New and Severe Abdominal Pain in a Woman

Welcome to our guide, New and Severe Abdominal Pain in a Woman.

New and severe abdominal pain always needs to be closely evaluated by a doctor. It is frequently a sign of serious illness. This guide was not designed to substitute for office-based care.

If you are having new and severe abdominal pain, this pain may be frightening to you because of its mystery -- the abdomen contains many important organs that could be the source of your pain. It may seem like a daunting task for a doctor to diagnose the source of your symptom; in fact, there are more than a hundred medical conditions that commonly result in abdominal pain.

Despite the long list of possible causes for abdominal pain, your doctor will be likely be able to narrow down the possibilities to a short list after initial evaluation. Your experience may be less frightening to you if you understand the way that doctors begin to make sense of your symptom, and the reasons for ordering certain tests.

The purpose of this guide is to help you to understand a common way that doctors think through abdominal pain. This guide may also enable you to provide a more helpful medical history during your doctor's evaluation.

This guide was intended for people with new abdominal pain -- pain that has been present for less than two weeks. If your pain has been present for longer or is recurring from previous episodes, please visit our Guide for Recurring Abdominal Pain.

Let's get started.

Now let's identify where you feel the pain most strongly.

The middle third refers to an up-and-down stripe from the bottom center of your ribs, down through your navel (belly button) and ending above your pelvic bone.

The sides of the abdomen refer to the outer one-third on each side of the middle third.

When your body was first forming as an embryo, a part of your development included the "migration" or rearrangement of several of your body organs. The nerves that connected to your organs did not re-wire as the organs rearranged. For this reason, some organs cause pain in a location different from where they are now located.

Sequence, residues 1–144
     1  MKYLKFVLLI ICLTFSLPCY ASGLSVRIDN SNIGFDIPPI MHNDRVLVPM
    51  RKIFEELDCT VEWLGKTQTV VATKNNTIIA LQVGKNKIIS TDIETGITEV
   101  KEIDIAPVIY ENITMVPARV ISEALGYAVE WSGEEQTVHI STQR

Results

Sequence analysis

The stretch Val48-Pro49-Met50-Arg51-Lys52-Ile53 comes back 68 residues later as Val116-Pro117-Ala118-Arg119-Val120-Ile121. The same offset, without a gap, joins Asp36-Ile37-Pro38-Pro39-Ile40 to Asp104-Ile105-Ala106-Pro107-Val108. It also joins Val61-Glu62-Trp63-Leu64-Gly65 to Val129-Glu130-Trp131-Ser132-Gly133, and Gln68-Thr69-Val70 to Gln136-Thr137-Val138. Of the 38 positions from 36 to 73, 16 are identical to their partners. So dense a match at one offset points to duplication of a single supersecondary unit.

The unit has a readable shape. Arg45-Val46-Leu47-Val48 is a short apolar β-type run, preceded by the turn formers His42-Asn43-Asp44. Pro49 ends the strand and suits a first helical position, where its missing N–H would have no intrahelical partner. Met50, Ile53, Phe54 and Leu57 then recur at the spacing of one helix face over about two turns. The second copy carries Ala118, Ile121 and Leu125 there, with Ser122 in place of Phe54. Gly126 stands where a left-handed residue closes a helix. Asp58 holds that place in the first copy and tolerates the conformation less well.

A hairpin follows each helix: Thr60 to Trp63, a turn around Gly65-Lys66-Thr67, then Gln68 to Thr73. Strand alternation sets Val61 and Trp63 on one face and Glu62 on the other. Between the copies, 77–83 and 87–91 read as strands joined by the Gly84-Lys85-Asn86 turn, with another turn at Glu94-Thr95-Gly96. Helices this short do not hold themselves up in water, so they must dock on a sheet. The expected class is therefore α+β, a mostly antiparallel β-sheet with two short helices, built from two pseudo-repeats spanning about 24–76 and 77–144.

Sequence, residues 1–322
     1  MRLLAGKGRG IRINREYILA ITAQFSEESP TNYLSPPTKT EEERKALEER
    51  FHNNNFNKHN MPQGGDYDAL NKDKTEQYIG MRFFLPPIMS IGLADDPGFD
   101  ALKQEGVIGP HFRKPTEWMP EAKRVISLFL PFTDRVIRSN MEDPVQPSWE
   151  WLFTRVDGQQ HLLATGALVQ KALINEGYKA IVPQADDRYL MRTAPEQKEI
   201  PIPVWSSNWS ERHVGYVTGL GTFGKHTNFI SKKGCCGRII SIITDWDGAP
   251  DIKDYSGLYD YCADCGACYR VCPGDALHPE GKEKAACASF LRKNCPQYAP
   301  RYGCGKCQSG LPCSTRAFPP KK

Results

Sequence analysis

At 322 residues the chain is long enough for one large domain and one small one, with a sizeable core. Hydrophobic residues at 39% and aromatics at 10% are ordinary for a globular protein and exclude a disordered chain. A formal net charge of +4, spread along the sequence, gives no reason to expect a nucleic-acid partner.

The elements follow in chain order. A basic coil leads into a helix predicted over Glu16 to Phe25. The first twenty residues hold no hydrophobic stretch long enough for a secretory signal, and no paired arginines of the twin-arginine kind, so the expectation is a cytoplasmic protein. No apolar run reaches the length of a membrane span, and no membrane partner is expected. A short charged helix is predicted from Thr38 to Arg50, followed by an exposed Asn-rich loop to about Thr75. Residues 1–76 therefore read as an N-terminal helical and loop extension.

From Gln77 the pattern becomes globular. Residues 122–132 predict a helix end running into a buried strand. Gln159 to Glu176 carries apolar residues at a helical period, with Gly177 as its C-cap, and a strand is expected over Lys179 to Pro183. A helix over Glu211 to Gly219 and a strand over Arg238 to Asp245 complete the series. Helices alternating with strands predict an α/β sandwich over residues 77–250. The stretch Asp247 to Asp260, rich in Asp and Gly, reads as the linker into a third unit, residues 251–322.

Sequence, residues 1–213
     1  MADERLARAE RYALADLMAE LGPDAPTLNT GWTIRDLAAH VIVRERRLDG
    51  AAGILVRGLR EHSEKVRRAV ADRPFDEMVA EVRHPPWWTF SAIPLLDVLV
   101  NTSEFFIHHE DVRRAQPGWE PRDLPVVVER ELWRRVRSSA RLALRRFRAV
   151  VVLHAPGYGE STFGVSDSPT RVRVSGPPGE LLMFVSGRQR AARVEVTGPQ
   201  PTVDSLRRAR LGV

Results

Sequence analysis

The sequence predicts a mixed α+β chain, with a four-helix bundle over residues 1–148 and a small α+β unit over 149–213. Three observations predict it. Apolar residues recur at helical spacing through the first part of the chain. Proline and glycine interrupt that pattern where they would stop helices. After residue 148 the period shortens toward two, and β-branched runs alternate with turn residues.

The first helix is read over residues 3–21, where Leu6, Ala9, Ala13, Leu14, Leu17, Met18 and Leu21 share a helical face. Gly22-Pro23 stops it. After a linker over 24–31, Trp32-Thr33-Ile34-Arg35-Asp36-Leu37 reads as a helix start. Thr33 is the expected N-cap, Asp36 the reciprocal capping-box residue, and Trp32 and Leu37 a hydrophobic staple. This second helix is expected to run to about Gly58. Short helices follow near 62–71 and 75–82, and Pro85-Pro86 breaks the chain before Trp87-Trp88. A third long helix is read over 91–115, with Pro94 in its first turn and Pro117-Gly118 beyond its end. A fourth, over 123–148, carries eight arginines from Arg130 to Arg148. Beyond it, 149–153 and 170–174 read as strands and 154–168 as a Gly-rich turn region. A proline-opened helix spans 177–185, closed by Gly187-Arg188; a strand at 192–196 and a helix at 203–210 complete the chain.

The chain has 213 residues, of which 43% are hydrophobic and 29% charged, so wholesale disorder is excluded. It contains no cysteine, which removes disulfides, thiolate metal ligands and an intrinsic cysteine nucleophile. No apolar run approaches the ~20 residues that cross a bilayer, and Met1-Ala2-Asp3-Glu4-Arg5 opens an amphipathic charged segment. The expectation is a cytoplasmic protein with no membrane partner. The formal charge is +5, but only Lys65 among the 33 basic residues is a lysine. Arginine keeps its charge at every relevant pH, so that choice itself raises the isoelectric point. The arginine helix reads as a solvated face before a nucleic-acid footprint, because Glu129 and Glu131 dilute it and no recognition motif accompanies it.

A specific location of pain in your abdomen is a very valuable clue, but it does not always lay blame on the organs that are located in its vicinity.

Please select the location where your pain is felt most strongly:

In the middle third of my abdomen

On one side or the other

All over my abdomen

When pain is present throughout the whole abdomen, it is usually arising from one of these sources:

1) A problem within the intestinal tract

2) A mineral abnormality, hormone abnormality, or abnormality of blood acidity that can affect the comfort of your intestinal tract

3) A problem involving the inside lining of your abdominal wall (called the "peritoneum") and any fluid that may exist between this lining and the abdominal organs.

If your pain is arising from the third source of diffuse abdominal pain we have listed -- your "peritoneum" -- then this can be a true emergency. Our first questions will help to identify if your problem is likely to involve your peritoneum or the fluid that may collect underneath it.

The peritoneum is a structure that is very sensitive to friction. If the peritoneum is inflamed, it is painful for people to have even minimal movement of their abdomen.

Do you have sharply increased pain if your abdomen is lightly jiggled? For example, do you have pain if someone bumps into the furniture on which you are sitting or lying or sharply increased pain when you cough or sneeze?

Yes, I have pain from minimal movements.

No, I do not have this symptom.

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